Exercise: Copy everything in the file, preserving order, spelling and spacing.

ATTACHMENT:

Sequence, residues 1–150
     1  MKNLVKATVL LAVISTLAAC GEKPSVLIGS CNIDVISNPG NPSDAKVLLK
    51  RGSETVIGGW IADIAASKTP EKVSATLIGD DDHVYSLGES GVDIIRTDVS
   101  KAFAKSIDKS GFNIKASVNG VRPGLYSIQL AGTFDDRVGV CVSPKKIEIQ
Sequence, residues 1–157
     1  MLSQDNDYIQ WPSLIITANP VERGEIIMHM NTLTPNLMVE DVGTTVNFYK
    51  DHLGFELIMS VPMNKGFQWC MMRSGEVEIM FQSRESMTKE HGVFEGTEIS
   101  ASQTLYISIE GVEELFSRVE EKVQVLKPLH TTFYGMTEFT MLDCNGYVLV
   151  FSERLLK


Sequence, residues 1–150
     1  MKNLVKATVL LAVISTLAAC GEKPSVLIGS CNIDVISNPG NPSDAKVLLK
    51  RGSETVIGGW IADIAASKTP EKVSATLIGD DDHVYSLGES GVDIIRTDVS
   101  KAFAKSIDKS GFNIKASVNG VRPGLYSIQL AGTFDDRVGV CVSPKKIEIQ
Sequence, residues 1–157
     1  MLSQDNDYIQ WPSLIITANP VERGEIIMHM NTLTPNLMVE DVGTTVNFYK
    51  DHLGFELIMS VPMNKGFQWC MMRSGEVEIM FQSRESMTKE HGVFEGTEIS
   101  ASQTLYISIE GVEELFSRVE EKVQVLKPLH TTFYGMTEFT MLDCNGYVLV
   151  FSERLLK